The Hollanders as a nation had never been engaged in the direct trade around the Cape of Good Hope. Fortunately however at this crisis in their commercial destiny there was a single Hollander who had thoroughly learned the lesson which it was so necessary that all his countrymen should now be taught. Few men of that period deserve a more kindly and more honourable remembrance by posterity for their contributions to science and the progress of civilization than John Huygen van Linschoten, son of a plain burgher of West Friesland. Having always felt a strong impulse to study foreign history and distant nations and customs; he resolved at the early age of seventeen "to absent himself from his fatherland, and from the conversation of friends and relatives," in order to gratify this inclination for self-improvement. After a residence of two years in Lisbon he departed for India in the suite of the Archbishop of Goa, and remained in the East for nearly thirteen years. Diligently examining all the strange phenomena which came under his observation and patiently recording the results of his researches day by day and year by year, he amassed a fund of information which he modestly intended for the entertainment of his friends when he should return to his native country. It was his wish that "without stirring from their firesides or counting- houses" they might participate with him in the gratification and instruction to be derived fiom looking upon a world then so strange, and for Europeans still so new. He described the manners and customs, the laws, the religions, the social and political institutions, of the ancient races who dwelt in either peninsula of India. He studied the natural history, the botany, the geography of all the regions which he visited. Especially the products which formed the material of a great traffic; the system of culture, the means of transportation, and the course of commerce, were examined by him with minuteness, accuracy, and breadth of vision. He was neither a trader nor a sailor, but a man of letters, a scientific and professional traveller. But it was obvious when he returned, rich with the spoils of oriental study during thirteen years of life, that the results of his researches were worthy of a wider circulation than that which he had originally contemplated. His work was given to the public in the year 1596, and was studied with avidity not only by men of science but by merchants and seafarers. He also added to the record of his Indian experiences a practical manual for navigators. He described the course of the voyage from Lisbon to the East, the currents, the trade-winds and monsoons, the harbours, the islands, the shoals, the sunken rocks and dangerous quicksands, and he accompanied his work with various maps and charts, both general and special, of land and water, rarely delineated before his day, as well as by various astronomical and mathematical calculations. Already a countryman of his own, Wagenaar of Zeeland, had laid the mariners of the world under special obligation by a manual which came into such universal use that for centuries afterwards the sailors of England and of other countries called their indispensable 'vade-mecum' a Wagenaar. But in that text- book but little information was afforded to eastern voyagers, because, before the enterprise of Linschoten, little was known of the Orient except to the Portuguese and Spaniards, by whom nothing was communicated.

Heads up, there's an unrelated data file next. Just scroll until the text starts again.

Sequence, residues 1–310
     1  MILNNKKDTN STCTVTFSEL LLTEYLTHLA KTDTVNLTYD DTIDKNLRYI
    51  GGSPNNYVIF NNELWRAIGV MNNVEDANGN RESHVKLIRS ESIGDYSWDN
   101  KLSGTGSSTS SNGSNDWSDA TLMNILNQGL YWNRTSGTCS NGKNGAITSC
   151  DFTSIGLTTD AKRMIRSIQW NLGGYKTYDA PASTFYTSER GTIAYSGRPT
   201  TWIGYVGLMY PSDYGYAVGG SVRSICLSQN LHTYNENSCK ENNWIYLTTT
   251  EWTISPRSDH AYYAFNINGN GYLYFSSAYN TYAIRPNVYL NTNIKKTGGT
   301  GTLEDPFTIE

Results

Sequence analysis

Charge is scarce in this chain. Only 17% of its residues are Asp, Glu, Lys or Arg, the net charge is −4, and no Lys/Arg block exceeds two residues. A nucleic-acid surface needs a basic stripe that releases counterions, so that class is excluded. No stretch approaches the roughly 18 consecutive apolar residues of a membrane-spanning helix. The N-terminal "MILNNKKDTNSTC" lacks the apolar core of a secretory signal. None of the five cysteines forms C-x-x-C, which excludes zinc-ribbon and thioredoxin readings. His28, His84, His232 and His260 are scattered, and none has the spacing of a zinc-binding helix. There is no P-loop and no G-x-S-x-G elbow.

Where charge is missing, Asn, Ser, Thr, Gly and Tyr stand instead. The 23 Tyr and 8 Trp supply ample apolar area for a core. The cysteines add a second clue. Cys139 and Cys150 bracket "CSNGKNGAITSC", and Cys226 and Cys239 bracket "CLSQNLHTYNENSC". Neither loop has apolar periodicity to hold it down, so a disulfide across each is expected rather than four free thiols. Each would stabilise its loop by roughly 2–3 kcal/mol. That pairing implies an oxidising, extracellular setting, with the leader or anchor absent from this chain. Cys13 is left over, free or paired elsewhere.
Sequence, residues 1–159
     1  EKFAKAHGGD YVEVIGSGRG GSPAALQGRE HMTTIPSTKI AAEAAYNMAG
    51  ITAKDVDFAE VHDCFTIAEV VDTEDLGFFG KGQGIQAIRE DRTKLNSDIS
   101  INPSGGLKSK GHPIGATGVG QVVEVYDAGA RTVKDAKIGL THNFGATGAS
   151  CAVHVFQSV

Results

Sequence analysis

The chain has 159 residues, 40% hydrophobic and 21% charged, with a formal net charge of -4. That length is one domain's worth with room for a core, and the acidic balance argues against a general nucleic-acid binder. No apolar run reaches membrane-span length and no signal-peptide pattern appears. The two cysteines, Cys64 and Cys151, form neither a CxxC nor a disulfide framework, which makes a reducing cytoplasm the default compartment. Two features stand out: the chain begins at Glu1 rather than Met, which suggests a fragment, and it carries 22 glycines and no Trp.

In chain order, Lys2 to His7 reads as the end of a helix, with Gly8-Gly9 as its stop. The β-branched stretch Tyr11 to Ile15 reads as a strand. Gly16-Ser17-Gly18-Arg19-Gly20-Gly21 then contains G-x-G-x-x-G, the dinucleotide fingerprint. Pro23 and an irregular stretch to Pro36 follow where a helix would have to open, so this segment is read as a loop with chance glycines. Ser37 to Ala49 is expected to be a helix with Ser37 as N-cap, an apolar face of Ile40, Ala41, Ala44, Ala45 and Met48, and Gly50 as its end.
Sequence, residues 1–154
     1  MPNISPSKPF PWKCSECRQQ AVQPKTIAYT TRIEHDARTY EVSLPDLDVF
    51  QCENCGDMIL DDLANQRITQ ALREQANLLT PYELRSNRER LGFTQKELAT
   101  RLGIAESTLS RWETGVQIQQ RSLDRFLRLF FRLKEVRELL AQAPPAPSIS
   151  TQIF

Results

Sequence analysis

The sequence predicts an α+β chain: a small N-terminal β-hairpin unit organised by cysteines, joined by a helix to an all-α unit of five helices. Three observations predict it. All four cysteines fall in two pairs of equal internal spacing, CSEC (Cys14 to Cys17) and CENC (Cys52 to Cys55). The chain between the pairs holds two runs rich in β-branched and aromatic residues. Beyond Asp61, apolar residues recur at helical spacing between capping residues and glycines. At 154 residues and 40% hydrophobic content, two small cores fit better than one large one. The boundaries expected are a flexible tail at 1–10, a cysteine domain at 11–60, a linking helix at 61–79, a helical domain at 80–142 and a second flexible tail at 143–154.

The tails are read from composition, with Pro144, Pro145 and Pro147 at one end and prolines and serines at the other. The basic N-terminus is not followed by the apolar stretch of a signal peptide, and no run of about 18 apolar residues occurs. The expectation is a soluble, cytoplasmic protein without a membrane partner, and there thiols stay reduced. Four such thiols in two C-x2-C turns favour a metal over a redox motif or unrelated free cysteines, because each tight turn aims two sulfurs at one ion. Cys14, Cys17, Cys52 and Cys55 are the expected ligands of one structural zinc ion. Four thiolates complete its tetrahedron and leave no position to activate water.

The work of Linschoten was a source of wealth, both from the scientific treasures which it diffused among an active and intelligent people, and the impulse which it gave to that direct trade between the Netherlands and the East which had been so long deferred, and which now came to relieve the commerce of the republic, and therefore the republic itself, from the danger of positive annihilation.